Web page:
“Now that we have carbon measurement in place, we can do scenario planning to different channel mixes and different carbon budgets,” said Fiona Lloyd, who has the challenging double duty as executive sponsor of social impact for media at Dentsu as well as global client & brand president at Carat. “So that’s a really important step with clients, because now we’re able to give them the information before they invest their dollars.”

Lloyd said the other step is aligning with media firms. “Everything that we have at the moment is based on spend-based methodology, and we need to get to process-based methodology,” she added. “To do that, we need the media owners to give us their data, we need them to go on this journey with us.” 

The one unanswered question — and it’s a big one as a global recession looms larger and larger — is how will this all get paid for? Who picks up the tab, or will it just be the next version of the ad tech tax of yore, as Digiday’s senior ad tech reporter Ronan Shields covered last week?

“One of the hardest parts of this is framing the cost, with macroeconomic headwinds across the world,” said GroupM’s Taylor. “Without having a fully loaded view of the impact on dollars or pounds or euros for the media, it’s challenging to always do the right thing. However, if you look at the costs associated to natural disasters and the impacts of climate change today, it only gets more expensive.”

Color by numbers

Legalized cannabis sales are becoming more common in various parts of the country, and Thanksgiving weekend — including Green Wednesday, the day before Turkey Day — is apparently one of the biggest times for purchasing in preparation for the holidays, according to online marketplace Weedmaps. Some stats based on the 2021 holiday season:

  • An increase of 167% of orders placed using promo codes, with a rise overall in the average number of orders placed. 
  • Overall, Black Friday is the biggest day for stocking up in preparation for the holidays, with 300% more shoppers viewing and claiming Weedmaps site deals. 
  • States including Connecticut, Washington, D.C.; Florida, Illinois, Massachusetts, Maryland, Maine, the tri-state area, Ohio, Rhode Island and Virginia, totaled over 3 million monthly active users during peak holiday shopping season, with an increased 156% use of seasonal promo codes and 40% more orders placed during the holidays.

Takeoff & landing

  • Stagwell media agency Assembly promoted London-based Joel Coppersmith to a new role as global director of measurement and effectiveness, charged with standardizing those efforts across all Assembly offices.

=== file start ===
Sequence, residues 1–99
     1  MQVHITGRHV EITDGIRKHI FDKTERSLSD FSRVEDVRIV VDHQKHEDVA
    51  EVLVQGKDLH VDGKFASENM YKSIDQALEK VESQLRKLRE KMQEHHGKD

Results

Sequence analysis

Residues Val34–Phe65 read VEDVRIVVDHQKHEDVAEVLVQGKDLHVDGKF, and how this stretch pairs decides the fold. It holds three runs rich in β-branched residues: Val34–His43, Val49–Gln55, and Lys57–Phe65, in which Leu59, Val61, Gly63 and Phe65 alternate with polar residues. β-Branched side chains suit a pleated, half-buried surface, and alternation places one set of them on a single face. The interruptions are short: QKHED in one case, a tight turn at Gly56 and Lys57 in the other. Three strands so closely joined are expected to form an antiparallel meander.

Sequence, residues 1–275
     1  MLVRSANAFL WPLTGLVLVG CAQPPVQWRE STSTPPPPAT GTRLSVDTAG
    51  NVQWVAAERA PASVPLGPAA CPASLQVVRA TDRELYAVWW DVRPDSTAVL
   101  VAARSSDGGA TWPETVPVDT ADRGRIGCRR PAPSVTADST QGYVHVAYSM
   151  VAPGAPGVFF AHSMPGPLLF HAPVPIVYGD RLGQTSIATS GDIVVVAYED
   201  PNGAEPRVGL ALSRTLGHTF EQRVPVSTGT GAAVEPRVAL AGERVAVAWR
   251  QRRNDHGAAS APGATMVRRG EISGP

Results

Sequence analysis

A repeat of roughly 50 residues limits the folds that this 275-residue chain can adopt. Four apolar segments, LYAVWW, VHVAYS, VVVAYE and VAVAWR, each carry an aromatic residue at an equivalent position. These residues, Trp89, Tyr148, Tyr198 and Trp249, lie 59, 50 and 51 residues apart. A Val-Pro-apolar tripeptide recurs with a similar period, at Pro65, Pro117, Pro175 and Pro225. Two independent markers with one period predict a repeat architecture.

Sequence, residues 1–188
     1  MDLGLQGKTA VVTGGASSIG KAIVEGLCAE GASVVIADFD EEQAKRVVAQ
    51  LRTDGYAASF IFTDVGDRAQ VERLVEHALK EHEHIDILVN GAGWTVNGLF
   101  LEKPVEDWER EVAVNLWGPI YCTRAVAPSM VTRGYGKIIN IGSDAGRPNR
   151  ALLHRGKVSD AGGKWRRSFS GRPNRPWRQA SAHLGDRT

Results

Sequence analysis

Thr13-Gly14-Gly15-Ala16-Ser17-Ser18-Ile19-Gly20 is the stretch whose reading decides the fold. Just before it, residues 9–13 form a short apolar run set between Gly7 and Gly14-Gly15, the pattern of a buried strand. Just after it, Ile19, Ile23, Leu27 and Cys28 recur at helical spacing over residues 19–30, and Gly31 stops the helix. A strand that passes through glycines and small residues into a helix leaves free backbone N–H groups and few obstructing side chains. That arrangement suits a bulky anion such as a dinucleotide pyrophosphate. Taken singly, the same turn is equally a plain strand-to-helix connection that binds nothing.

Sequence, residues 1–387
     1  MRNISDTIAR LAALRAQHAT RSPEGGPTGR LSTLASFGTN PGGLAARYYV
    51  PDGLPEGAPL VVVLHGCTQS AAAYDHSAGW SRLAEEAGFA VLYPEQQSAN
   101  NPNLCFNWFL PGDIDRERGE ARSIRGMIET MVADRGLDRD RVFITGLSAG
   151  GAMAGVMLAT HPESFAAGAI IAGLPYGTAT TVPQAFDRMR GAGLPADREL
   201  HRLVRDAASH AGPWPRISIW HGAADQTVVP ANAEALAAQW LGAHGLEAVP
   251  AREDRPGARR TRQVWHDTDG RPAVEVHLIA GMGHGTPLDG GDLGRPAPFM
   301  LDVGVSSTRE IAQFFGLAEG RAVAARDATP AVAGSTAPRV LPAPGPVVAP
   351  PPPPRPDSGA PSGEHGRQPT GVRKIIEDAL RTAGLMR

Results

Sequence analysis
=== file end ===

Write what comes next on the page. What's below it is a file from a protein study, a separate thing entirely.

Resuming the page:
• Havas Media Group formed a new multicultural unit based in Miami, and named veteran Anabela Bonuccelli, who’s been with the agency since it was MPG in 2000, to lead it. The unit will focus on Hispanic, African American, Asian American and LGBTQIA+ audiences and consumers.
  • Fort Worth, Texas-based independent PMG, partnered with Tarrant County College, a local community school, to encourage digital career training to satisfy demand for diverse talent with skills in data, analytics, digital marketing and ecommerce. The new Digital Career Accelerator led by PMG hopes to generate 1,000 TCC students in digital, marketing and advertising foundations by 2028. 

Direct quote

“Where do Amazon and the NFL go from here? Keep scaling. Now that the seal is broken and we now know that live events on Amazon work, the next step is to find more opportunities. The key will be how they build this partnership. Will Amazon look to other live events? I think they will. And will the NFL look to other streaming partners to find more consumers? Again, I think they will. The networks have traditionally spent significant sums for the NFL, with different partners getting different opportunities (days, conferences, and playoffs). Is there a future where Amazon streams every NFL game and owns every consumer engagement with the sport? I don’t think it’s impossible.”

Stacy Durand, CEO of Media Design Group, on streaming’s impact on America’s biggest televised professional sport (despite dropping ratings on Amazon Prime).

Speed reading

  • As Elon Musk’s Twitter falls apart in real time, with senior leadership either fired or resigned, Digiday’s team including senior news editor Seb Joseph, senior ad tech reporter Ronan Shields, senior marketing and tech reporter Marty Swant and platforms reporter Krystal Scanlon, has covered the meltdown
  • If you missed Digiday’s Future of TV Advertising Forum last week, check out senior media editor Tim Peterson’s wrap-up of the Town Hall in which a host of issues were addressed, including transparency, programmatic, identity and issues with data. 
  • And Digiday media agency reporter Antoinette Siu interviewed Tangie Brown of the 4A’s Foundation to discuss what agencies are getting right, and still missing the mark, when it comes to diversity, equity and inclusion.